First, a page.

In 1956 CS Lewis, the great and much-loved English author of sci-fi, fantasy, philosophy, children’s literature, and numerous books on theology published a rewrite of an ancient myth under the title, Till We Have Faces. The New York Herald Tribune named it “The most significant and triumphant work that Lewis has ... produced.”
That may be. Test out the assessment if you dare. It’s only 313 pages from start to last word.
I have borrowed his title to introduce my attempt to express my opinion on the depersonalizing, dehumanizing effect of masking on the human psyche, at least on mine.
Yes, I understand that the Powers have determined that masking is essential for the health and well being of society.
I understand. That is, I understand the words of the Powers but the evidence and the reasoning eludes me. It does. There are many questions that are not being discussed in public that should be openly discussed.
At what cost to our mental and physical health do we cover our faces and conceal our humanity? How long does it take to become less-than-human? And resilient as the human is, will we quickly rebound to the same level of freedom and joy we experienced daily when we had faces? Especially, will our impressionable, malleable younger generations, the children whom we hope will grow up to inhabit a better world, retain their humanity? Will there be some spin-off effects not calculated in the mix?
Will they have developed a twisted phobia of the human face?
Perhaps an inability to recognize a smile, a frown, a quizzical expression – or know what they mean?
I read the story of a boy, only 15 short years in this world he was, who, as he views the issue, is mourning the “theft” of his face, his identity, his humanity.
How long will he have to go faceless before the Powers weigh the cost against the presumed benefits?
I go into a public place (yes, I am masked) and see these forms going about their businesses. Who are they? Faceless like me, what are their names?
My face, your face, is the first part of the human anatomy that only one year ago drew our attention. There was the grin, the warm smile of recognition and welcome, maybe the puzzlement of a question or even the inflexible stance of anger. It was all there on the face, created to be seen and evaluated, visible and open to our eyes, only one short year ago.
In those wonderful days BC (before covid) it was called body language and at best we are only half informed without it. Language is a marvellous gift, but language is more than vibrations passing through the atmosphere at a little over 700 mph that our awesomely designed auditory system sends to our brain to be translated into messages to which we can respond or not as we choose.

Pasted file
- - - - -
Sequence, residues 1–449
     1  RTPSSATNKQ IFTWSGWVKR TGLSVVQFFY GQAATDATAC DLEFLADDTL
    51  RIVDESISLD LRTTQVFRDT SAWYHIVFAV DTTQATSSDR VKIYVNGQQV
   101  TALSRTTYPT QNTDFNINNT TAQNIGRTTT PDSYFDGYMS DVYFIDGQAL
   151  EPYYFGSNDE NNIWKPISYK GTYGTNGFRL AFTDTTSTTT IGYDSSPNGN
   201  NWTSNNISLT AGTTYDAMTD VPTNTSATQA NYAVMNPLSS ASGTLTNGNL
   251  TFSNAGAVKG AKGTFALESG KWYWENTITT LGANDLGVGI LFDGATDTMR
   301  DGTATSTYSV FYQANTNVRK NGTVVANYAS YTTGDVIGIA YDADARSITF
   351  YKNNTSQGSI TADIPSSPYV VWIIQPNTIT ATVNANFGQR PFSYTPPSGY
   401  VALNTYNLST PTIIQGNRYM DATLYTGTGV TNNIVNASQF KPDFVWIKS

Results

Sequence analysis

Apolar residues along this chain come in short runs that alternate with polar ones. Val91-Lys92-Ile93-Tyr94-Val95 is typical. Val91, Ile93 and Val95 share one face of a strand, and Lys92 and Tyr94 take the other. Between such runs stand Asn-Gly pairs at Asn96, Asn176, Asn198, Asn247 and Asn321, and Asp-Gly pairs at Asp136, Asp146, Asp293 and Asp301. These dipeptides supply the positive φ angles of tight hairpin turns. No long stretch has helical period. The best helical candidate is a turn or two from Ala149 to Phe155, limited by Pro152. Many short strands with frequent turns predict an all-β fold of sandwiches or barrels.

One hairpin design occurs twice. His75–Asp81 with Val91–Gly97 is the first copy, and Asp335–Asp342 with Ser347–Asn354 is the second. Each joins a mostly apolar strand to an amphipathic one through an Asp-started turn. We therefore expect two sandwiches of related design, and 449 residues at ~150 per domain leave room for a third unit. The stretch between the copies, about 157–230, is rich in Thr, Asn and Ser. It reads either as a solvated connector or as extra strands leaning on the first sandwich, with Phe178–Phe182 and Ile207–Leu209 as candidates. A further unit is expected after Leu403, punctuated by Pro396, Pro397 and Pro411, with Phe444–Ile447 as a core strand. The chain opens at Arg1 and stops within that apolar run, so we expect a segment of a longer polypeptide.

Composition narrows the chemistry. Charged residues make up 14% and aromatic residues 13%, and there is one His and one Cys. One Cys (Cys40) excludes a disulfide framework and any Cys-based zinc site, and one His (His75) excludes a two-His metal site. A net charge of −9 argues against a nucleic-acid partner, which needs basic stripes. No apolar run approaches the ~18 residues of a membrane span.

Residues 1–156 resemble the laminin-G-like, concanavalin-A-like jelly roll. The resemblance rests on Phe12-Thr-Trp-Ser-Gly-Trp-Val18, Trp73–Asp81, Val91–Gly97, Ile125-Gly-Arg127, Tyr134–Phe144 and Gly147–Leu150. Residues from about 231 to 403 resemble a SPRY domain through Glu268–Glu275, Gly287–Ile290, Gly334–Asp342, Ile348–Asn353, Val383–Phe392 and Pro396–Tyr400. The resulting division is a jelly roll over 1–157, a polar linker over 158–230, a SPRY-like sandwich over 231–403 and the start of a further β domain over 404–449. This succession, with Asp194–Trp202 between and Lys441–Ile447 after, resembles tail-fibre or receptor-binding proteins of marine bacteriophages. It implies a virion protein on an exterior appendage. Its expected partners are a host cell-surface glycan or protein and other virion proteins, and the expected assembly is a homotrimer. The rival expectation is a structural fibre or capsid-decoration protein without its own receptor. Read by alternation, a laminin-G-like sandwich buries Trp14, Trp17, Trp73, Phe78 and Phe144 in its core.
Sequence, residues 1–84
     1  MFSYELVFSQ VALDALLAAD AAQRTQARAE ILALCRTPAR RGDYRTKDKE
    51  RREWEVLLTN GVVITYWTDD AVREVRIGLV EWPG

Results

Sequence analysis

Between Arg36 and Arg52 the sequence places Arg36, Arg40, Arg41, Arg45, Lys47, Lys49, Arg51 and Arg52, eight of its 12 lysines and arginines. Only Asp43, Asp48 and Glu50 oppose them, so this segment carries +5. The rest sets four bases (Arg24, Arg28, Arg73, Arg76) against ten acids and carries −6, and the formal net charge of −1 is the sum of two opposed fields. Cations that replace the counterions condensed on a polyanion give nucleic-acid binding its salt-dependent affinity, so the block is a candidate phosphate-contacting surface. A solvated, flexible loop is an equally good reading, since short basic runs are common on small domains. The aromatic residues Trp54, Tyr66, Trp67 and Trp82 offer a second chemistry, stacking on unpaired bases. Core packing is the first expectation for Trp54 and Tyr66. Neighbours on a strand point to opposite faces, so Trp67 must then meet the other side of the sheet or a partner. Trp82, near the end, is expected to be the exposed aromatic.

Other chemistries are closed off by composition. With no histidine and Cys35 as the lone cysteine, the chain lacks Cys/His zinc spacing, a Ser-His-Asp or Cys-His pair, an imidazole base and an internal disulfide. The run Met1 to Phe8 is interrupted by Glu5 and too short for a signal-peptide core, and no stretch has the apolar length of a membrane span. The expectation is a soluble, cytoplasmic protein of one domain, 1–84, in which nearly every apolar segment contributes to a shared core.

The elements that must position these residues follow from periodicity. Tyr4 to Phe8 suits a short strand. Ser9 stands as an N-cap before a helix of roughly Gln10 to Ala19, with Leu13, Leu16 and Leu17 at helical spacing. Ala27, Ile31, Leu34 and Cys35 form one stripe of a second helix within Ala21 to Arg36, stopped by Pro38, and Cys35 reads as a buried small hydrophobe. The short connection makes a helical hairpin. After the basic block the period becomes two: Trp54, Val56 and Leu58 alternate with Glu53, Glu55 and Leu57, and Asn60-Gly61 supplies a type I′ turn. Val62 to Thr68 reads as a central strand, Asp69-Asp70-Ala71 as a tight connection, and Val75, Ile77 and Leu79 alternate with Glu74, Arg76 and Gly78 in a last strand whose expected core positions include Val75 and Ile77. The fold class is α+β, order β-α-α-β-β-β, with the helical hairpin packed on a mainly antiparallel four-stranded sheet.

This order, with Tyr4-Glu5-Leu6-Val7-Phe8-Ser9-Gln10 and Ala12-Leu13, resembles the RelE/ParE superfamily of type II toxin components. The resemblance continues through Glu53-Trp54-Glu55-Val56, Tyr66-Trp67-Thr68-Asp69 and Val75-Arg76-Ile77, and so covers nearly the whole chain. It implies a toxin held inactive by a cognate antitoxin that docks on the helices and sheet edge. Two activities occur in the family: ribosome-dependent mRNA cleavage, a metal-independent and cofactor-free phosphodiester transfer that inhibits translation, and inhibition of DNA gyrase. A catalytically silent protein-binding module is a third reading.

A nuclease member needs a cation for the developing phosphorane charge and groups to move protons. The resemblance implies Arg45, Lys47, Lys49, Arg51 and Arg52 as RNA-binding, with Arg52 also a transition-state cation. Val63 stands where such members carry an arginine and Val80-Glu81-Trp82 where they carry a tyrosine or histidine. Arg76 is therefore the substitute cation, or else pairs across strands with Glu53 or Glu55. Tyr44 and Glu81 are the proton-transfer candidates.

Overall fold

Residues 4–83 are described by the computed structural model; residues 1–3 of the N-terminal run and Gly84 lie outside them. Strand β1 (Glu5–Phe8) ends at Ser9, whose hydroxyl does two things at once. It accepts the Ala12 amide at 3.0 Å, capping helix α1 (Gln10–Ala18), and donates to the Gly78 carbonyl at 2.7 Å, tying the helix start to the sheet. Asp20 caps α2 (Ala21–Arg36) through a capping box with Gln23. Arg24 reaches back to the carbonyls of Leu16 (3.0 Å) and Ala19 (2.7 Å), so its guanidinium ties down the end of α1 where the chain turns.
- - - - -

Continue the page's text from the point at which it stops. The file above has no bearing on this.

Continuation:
Language, to be properly understood, requires the whole body, but especially the face, to make it plain.
Masked, we miss many of those human signals that give nuance to the words we mumble, whisper, or shout aloud.
How many meanings do we have for that little four-letter word; how many ways of using the word?
On the face of the whole earth there is not another you – or me. Each one is unique and precious to the Creator and to our human friends and families.
You’ll fall flat on your face if you keep up that behaviour!
Face the music now or later, but better now.
I just can’t face him now.
Face-to-face, what will it be?
Just to see your face will be wonderful.
On the face of it, I’d say you have a solid argument, but when I dig a little deeper...
But for now, we’re not just strangers, we’re faceless when we meet. We have been reduced near to nonentities. The deeply satisfying, mutually edifying interpersonal relationships on which we thrived in the age now vaguely remembered as BC are denied us, forcing us into a sort of less-than-human experience.
We humans were not created to be faceless. As highly social beings we not only thrive on connection with others of our race, we require that connection in order to experience full humanity.
Some say facelessness is a sacrifice we have to make for the ultimate good of the world. Some say facelessness is a mistake with after-effects that cannot now be measured or even understood.
Compounding the increasing frustration of being unable to see the faces of those we meet, our senior governments, whatever stripe they display, have not given us good reason to trust them. Are they, too, troubled with facing up to the consequences of the decisions they have imposed on us?
By the way, out of the 444 uses of the word face in the ancient Scriptures, I found this one relevant to our concerns: “As in water face answers to face, so the heart of man to man” – but only if we see the face.
Till we have faces, hang in there.
Merlin Nichols is the former mayor of Chetwynd.